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FactSheet Search and Rescue Operations Following a catastrophe, rescue workers and emergency responders are the first to arrive on the scene, often in unfamiliar surroundings and adverse weather conditions, ready to save lives and secure the environment to help protect the lives of those to follow. Rescue workers and emergency responders may be involved in emergency medical operations involving victim rescue or body recovery around piles of rubble and other debris, collapsed structures or near structural steel. Potential Hazards for Rescue Workers and Emergency Responders • Exposure to blood or body fluids, or pathogens from sewer system breaks. • Damaged utility services, including downed electrical cables, overhead power lines, broken gas lines, steam and water mains, or compressed gas cylinders. • Piles of construction and other types of debris, including over-hanging debris. • Airborne smoke and dust (asbestos, crystalline silica, etc.) and possible eye and skin injuries from dust and flying debris. • Confined spaces (limited openings from entry or exits), possible hazardous atmospheres, including possible flammable or toxic environments. • Slips, trips or fall hazards from holes, protruding rebar, etc. • Dangers due to proximity to heavy machinery, e.g., cranes, loaders, debris-hauling trucks, etc. • Handling a variety of sharp, jagged materials. • Potential for secondary collapse of unstable structures. • Excessive noise from rescue/ventilation or other heavy equipment, including generators.

protection including latex and nitrile gloves (powder-free latex gloves with reduced latex protein content can help avoid reaction to latex allergies). These gloves can be worn under heavy-duty gloves which will, in turn, protect the wearer from cuts, puncture wounds, or other injuries that break the skin (caused by sharp environmental debris or bone fragments). A combination of a cut-proof inner layer glove and a latex or similar outer layer is preferable. • Foot Protection. Footwear should similarly protect against sharp debris. • Respiratory Protection. Use respiratory protection to combat effects from breathing dust and hazardous atmospheres which might contain some, or all, of the following: freon, carbon monoxide, hydrogen sulfide, asbestos, carbon dioxide, ammonia, and welding gases. • Hearing protection. Hearing protection is extremely important, particularly around saws, earth-moving equipment and hydraulic tools. • Eye Protection. Protective eyewear (safety glasses with side shields, at a minimum), is necessary personal protective equipment. • Fall Protection Equipment. Use fall protection equipment, with lifelines tied off to suitable anchorage points (e.g., bucket trucks), whenever possible.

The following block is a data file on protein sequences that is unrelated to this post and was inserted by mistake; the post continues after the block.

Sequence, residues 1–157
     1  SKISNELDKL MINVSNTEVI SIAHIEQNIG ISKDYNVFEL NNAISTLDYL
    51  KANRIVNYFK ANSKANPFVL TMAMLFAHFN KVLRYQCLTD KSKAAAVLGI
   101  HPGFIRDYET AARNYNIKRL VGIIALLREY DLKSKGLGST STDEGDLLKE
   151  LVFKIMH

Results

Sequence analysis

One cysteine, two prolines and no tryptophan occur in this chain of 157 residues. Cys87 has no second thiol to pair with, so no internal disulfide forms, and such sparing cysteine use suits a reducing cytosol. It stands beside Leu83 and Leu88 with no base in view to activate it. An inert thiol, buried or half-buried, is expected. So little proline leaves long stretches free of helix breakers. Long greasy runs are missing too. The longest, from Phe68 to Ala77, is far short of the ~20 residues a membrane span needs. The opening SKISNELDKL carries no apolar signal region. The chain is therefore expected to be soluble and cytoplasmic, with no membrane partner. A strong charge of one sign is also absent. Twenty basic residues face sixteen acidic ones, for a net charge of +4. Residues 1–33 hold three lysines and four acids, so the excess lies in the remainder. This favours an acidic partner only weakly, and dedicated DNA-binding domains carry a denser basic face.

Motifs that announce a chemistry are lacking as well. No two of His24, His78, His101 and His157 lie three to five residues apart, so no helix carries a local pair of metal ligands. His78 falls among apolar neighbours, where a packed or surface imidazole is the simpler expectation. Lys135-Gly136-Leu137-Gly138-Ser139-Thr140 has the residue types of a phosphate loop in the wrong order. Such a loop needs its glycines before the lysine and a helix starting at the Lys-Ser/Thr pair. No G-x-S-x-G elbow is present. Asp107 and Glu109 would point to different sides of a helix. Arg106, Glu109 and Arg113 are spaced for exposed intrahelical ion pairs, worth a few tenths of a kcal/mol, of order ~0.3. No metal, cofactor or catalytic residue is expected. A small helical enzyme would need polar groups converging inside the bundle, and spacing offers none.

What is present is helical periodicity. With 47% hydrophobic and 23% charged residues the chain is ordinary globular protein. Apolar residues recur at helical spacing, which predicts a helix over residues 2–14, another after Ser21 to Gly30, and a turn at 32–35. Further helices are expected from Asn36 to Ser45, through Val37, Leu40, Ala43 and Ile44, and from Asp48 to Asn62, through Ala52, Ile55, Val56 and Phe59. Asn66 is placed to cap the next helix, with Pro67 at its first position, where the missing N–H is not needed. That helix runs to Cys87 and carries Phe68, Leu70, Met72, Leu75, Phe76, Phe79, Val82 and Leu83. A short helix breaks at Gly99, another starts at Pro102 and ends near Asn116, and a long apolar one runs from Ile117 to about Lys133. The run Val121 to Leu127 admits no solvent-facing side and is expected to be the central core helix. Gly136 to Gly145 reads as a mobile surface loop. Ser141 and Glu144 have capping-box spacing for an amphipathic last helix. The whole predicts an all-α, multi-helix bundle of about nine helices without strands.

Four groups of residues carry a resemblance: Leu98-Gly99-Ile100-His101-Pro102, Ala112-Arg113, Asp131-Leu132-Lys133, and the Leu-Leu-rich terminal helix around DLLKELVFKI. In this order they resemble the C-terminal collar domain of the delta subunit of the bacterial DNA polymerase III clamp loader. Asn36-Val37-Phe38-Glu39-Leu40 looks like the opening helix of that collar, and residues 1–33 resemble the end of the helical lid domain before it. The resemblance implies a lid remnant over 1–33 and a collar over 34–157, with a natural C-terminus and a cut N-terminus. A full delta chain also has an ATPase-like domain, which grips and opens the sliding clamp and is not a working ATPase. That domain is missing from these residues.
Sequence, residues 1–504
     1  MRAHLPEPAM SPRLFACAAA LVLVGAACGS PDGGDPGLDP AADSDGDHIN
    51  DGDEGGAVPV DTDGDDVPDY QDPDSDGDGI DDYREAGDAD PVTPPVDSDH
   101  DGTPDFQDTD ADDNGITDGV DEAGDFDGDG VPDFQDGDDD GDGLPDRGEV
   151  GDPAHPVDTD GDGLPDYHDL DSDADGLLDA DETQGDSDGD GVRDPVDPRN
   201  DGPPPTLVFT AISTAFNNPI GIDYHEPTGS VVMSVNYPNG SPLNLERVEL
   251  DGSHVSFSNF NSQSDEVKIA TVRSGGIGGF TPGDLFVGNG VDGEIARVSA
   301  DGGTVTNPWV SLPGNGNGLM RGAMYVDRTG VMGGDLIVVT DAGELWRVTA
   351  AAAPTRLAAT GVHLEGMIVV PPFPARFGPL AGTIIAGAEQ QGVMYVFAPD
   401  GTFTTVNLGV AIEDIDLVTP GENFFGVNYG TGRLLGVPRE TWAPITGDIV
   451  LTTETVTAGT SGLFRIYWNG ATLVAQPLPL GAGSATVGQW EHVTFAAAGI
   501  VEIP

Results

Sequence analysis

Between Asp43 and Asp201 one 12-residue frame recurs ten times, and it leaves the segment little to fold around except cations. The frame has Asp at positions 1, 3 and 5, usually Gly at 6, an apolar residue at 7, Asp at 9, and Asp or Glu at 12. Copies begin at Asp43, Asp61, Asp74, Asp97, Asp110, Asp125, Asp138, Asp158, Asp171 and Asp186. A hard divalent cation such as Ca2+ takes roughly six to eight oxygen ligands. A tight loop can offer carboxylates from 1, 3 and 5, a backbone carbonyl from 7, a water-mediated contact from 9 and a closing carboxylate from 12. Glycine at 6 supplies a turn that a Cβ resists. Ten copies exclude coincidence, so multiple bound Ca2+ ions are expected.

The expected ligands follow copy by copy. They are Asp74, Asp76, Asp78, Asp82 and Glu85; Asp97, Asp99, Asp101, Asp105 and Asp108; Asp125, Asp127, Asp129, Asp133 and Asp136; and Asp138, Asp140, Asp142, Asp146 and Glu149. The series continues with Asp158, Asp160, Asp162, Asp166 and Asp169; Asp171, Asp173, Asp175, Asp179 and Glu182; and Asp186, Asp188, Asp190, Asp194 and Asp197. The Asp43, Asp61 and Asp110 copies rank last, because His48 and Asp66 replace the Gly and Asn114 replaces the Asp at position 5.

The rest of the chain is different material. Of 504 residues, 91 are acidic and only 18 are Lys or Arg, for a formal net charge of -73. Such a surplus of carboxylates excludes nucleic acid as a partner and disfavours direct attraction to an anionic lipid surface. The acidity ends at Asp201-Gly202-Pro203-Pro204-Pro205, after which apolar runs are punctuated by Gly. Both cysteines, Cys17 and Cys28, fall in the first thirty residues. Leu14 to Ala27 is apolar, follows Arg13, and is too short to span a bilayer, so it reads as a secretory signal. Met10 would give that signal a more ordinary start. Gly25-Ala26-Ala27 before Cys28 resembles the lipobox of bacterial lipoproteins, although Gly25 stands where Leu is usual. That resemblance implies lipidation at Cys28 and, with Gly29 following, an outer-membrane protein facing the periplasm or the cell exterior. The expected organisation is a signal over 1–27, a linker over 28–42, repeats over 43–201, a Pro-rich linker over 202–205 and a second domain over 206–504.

General Precautions Personal Protective Equipment • Hand Protection. When handling potentially infectious materials, use appropriate barrier

Other Considerations • Be aware of electrical and gas hazards, e.g., downed wires and cables or broken gas lines. Incident commanders should be notified before continuing.


• If working in confined spaces, ensure that at least one person remains outside the space to monitor operations and assist in an evacuation, if necessary. Reliable communications and rescue equipment, along with functioning alarm systems, are imperative. • Watch for heavy equipment operation, including the swing radius for cranes and other equipment with arms. Each piece of heavy equipment should have a spotter when operating near emergency responders and skilled support workers.

Recommendations • Monitor for signs of heat/cold stress, such as altered vital signs, confusion, excessive sweating, and fatigue. Adjust work schedules, rotate personnel, and add additional workers to work teams. Refrain from food and beverages in areas exposed to toxic materials. • N-95 or greater respiratory protection is acceptable for most activities with dust exposure, including silica and cement dust. Use

full face respirators with P-100 organic vapor/acid gas combination cartidges if airborne contaminants are causing eye irritation. • Emergency responders should wear high-visibility and/or retro-reflective garments or vests to assure that they are readily identifiable by other rescue and support workers. • Decontamination of workers and equipment before leaving the site is important to prevent adverse health effects, contain any hazards to the site, and prevent secondary contamination of off-site facilities (e.g., fire stations or worker’s homes) or additional equipment (e.g., ambulances).

Additional Information • For more information, visit OSHA’s Web site at www.osha.gov. • The National Fire Protection Association (http://www.nfpa.org) has issued a standard on protective clothing and equipment suitable for the urban search and rescue environment.

This is one in a series of informational fact sheets highlighting OSHA programs, policies or standards. It does not impose any new compliance requirements. For a comprehensive list of compliance requirements of OSHA standards or regulations, refer to Title 29 of the Code of Federal Regulations. This information will be made available to sensory impaired individuals upon request. The voice phone is (202) 693-1999; teletypewriter (TTY) number: (877) 889-5627.

For more complete information:

U.S. Department of Labor

www.osha.gov (800) 321-OSHA DSTM 9/2005


http://www.osha.gov/OshDoc/data_Hurricane_Facts/search_and_rescue